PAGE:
Virág Gulyás, an international relations and branding expert, recently visited the University of New Haven to help launch a new speaker series about combating instances of antisemitism and promoting human rights.
October 14, 2019
Vu Nguyen ’20 wants to learn about different ways of looking at the world. That’s why he decided to attend a program on campus sponsored by the University’s Inclusion, Diversity, Equity, and Access (IDEA) Council that featured a lecture by Virág Gulyás titled "Antisemite to Zionist."
"It’s important for young adults to learn about different viewpoints," said Nguyen, a marketing major. "The idea that I can’t possibly understand something because I am not part of a certain group – whether it is a race or a gender – is not true. If you take the time to understand, it is possible to understand. I’m glad Ms. Gulyás discussed that."
An international relations and branding expert, Gulyás, a native of Hungary, admits she grew up in an insular anti-Semitic environment. Although she is not Jewish, she has become a pro-Israel voice and a Zionist, a prominent voice for Jewish people in America. Her blog, "Almost Jewish," is well known in the United States and in Israel.
A former European Union diplomat, she recently completed a master’s degree in Jewish studies, her second advanced degree. She has been working for years on several high-profile educational and public relations campaigns that aim to correct the false narratives around Israel.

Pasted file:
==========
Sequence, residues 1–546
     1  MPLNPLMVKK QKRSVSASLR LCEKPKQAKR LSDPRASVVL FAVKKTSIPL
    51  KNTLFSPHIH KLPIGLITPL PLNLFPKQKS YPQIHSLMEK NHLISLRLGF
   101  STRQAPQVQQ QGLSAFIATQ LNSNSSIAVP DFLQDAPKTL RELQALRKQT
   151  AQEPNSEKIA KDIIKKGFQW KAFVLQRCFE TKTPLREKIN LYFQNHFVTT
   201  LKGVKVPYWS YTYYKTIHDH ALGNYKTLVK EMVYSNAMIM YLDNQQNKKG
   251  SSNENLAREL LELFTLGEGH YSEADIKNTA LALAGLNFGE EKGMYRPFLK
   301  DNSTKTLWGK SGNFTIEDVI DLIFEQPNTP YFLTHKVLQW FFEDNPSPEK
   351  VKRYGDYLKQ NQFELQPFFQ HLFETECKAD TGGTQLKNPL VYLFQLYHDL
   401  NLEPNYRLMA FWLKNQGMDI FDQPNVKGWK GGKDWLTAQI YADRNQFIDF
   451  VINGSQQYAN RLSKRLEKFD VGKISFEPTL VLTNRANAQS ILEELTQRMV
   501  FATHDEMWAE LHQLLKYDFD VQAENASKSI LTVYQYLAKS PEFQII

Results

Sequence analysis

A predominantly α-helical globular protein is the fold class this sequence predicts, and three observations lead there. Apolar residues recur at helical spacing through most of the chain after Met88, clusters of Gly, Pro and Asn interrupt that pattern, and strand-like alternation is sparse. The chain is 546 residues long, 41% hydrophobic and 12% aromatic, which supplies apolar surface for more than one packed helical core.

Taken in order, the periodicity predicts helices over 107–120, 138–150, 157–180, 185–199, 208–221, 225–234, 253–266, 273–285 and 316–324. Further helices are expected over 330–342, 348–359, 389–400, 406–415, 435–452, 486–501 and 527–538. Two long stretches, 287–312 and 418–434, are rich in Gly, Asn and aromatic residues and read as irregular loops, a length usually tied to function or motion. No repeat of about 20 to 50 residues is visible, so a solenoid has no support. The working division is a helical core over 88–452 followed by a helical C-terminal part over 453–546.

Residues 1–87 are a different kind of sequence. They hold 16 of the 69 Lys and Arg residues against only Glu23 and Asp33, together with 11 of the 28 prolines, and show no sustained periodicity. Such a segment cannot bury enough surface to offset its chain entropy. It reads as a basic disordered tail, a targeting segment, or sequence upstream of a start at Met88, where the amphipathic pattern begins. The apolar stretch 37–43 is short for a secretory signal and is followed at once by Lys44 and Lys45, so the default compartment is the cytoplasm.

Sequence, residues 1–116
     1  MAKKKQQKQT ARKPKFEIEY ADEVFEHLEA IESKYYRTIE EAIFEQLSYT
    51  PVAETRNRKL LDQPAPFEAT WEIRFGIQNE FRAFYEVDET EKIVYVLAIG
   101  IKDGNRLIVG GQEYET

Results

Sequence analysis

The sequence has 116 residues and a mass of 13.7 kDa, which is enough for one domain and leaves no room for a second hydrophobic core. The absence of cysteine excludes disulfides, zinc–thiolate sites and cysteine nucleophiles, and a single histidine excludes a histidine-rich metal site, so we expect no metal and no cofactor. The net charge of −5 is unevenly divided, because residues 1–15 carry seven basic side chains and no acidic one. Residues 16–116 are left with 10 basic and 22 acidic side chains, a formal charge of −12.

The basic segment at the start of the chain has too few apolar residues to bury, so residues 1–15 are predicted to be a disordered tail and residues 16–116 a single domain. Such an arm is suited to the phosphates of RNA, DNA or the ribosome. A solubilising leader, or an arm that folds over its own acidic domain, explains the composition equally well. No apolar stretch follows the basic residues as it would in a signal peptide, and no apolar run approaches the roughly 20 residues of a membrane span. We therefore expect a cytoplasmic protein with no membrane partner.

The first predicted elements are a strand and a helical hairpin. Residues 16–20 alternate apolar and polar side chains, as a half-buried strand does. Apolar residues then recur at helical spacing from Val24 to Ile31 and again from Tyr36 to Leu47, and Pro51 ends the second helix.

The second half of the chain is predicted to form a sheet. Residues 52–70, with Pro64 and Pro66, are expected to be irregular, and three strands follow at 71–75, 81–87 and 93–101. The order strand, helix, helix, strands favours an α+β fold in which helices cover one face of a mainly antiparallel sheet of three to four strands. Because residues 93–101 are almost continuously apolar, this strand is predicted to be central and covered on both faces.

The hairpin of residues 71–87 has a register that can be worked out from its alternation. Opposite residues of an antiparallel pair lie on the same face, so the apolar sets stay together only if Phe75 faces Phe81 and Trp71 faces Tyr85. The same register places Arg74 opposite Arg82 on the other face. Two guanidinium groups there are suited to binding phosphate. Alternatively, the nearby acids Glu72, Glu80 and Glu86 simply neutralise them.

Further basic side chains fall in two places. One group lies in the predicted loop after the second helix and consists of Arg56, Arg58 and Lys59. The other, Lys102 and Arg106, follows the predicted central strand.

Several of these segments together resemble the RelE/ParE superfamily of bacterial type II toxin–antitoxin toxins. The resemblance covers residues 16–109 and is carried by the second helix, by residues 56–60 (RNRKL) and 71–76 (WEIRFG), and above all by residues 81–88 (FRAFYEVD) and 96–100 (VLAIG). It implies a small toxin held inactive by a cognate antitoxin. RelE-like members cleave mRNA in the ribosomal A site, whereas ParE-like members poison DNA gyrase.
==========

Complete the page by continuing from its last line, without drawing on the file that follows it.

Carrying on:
"It’s important for young adults to learn about different viewpoints."Vu Nguyen ’20
Gulyás told the University community her story, encouraging her audience to learn from history and to change the future.
"It’s really hard to stand up for each other," she said. "We don’t even stand up for ourselves. It’s hard to stand up for a Jewish person because you face antisemitism without being a Jew."
Gulyás was the first of four speakers to visit the University as part of a series organized by the University’s IDEA Council. In response to the growing number of incidents of antisemitism across the country, the IDEA Council created a working committee centered around fighting antisemitism that is focusing on exploring new approaches to help combat these incidents – especially on college campuses.
The University’s yearlong speaker series will focus on combating antisemitism and promoting human rights.
"It’s a polarizing topic, and this is a good opportunity to get to hear another side," said Ken Fabian ’20, a communication major. "Diversity of thought is important, and events like this are good opportunities for students to learn about different points of view and from people’s firsthand experiences."
Added Anna Downs ’20, a communication major, "It’s a topic you hear about in the media a lot, and I was interested in hearing about her experience."
Anyone interested in finding out about future speakers in the series should email Prof. Martin A. Goldberg at firstname.lastname@example.org.